care of a state institution. The current amount of the monthly pay-out to support
eligible households in R 320 per child since October 2014 (Black Sash, 2014).
The table below provides a depiction of the progression and increase of the CSG
from 2008 to 2014. The grant has been steadily increasing by a measly twenty
rand year on year. The Consumer Price Index ( CPI) The average inflation currently sits at 6.28 % , is an vital factor utilised to determine the adjustments
made to the nominal increases of South Africas social grants (Oosthuizen,

Table 1 Amount of the CSG year on year by Province

Source: 3 (Hall, 2014).

To this extent it is imperative to outline the meaning and extent of poverty as it

relates to the CSG. In defining poverty, Chambers 2006 highlights three main
relevant clusters of meanings, from income-poverty as less reliable measure but
has relevance nonetheless, material lack and low quality or no access to services,

Income and Social Grants - Child Support Grants (Hall,2014) cited in References


capability deprivation which Sen categorises as capacities present or absent to

further human capabilities. All these clusters are resonant in the analysis of and
definition of poverty in the context of this research. Although Chambers categorically states that these clusters have been defined or given birth to by the nonpoor, his contention of development as a shift from ill-being to wellbeing is the
basic measure of the effectiveness of the CSG as a composite measure (Chambers, 2006: 3-4).
To monitor and evaluate the collective impact of all poverty and inequality reduction programmes, it is necessary to capture the circumstances of potential
beneficiaries both the general population and groups that are identified to be
the underprivileged. This can be accomplished by keeping an eye on the poverty
level of individuals and vulnerable groups in the communities and society in
general. This background section will provide a brief indication how the poor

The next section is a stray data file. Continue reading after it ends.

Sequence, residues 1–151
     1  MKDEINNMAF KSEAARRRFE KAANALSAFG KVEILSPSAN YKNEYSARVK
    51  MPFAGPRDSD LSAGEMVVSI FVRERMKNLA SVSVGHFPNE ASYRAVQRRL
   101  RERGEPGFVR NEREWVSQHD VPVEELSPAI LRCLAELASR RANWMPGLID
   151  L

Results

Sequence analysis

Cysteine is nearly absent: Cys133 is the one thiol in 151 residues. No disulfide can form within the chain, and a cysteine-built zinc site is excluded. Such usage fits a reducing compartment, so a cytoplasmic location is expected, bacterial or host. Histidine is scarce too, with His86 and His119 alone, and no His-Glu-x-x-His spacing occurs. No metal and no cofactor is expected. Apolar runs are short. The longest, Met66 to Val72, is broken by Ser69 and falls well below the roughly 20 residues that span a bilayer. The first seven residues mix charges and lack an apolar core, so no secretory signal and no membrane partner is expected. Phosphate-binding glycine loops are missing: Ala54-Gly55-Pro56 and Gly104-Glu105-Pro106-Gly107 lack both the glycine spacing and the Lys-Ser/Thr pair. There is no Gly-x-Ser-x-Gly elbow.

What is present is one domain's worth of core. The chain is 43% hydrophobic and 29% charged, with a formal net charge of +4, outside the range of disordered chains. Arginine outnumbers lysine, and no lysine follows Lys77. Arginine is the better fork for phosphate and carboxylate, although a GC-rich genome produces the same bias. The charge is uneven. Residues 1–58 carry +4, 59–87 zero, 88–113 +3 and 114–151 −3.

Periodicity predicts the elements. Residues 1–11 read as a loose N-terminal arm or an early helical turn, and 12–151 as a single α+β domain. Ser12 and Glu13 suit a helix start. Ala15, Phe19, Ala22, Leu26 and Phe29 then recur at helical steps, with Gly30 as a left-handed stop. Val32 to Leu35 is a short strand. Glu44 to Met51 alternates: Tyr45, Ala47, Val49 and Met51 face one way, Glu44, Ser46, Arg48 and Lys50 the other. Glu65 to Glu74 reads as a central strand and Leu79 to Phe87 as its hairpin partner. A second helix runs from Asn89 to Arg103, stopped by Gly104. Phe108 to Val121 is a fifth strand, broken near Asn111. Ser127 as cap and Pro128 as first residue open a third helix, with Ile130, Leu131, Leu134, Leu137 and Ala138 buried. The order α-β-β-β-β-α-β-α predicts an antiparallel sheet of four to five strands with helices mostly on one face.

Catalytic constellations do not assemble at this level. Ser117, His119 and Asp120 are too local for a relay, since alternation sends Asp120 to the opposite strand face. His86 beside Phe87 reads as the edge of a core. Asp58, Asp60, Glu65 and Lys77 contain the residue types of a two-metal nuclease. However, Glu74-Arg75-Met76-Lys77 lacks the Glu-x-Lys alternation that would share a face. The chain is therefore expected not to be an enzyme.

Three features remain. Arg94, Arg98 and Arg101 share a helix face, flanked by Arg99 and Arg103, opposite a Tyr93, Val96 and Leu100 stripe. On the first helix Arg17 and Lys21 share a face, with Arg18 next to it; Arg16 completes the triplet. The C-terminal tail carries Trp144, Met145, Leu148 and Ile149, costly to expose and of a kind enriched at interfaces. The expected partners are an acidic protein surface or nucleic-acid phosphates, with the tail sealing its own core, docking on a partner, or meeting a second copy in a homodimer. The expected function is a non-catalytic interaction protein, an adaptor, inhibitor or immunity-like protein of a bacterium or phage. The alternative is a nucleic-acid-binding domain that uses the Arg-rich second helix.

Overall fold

are profiled in South Methodological report issued by Statistics SA in 2008. In
this report poverty is measured utilising several poverty lines, namely the national poverty lines (the food poverty line, as well as the lower-bound and upperbound poverty lines which include food and non-food items) and international
poverty lines ($1.25 and $2.50 corrected for Purchasing Power Parity (PPP)),
which are used to monitoring the progress of the Millennium Development
Goals. The rand values attached to each line from the report, are indicted below
Food poverty line = R305 (in March 2009 figures) per person per month
thus refers to the amount of cash needed by a person to consume the needed
energy intake.
Lower-bound poverty line = R416 (in March 2009 figures) per person per
month. This refers to the food poverty line (R305) plus the average amount derived from non-food items of households whose total expenditure is equal to
the poverty line.
Upper-bound poverty line = R577 (in March 2009 figures) per person per
month. This refers to the food poverty line (R305) plus the average amount derived from non-food items of households whose total food expenditure is equal
to the food poverty line.
Utilising these figures, Statistics South Africa issued a press statement on the 3rd
of April 20144, indicating that poverty levels in the country have declined as the
number of people living below the poverty line dropped since 2006, a growing
social safety net, real income growth, above inflation wage increases, decelerating
inflationary pressure on households, expansion of credit and the growth in formal housing can be attributed to the drop in poverty level ( Statistics South
Africa ,2014).
The Poverty Trends Report released by Statistics South Africa reveals that people living below the food poverty line (FPL) has dropped to 20,2% of the population. The poverty profile 2008/9 report published by Stats SA in 2012 further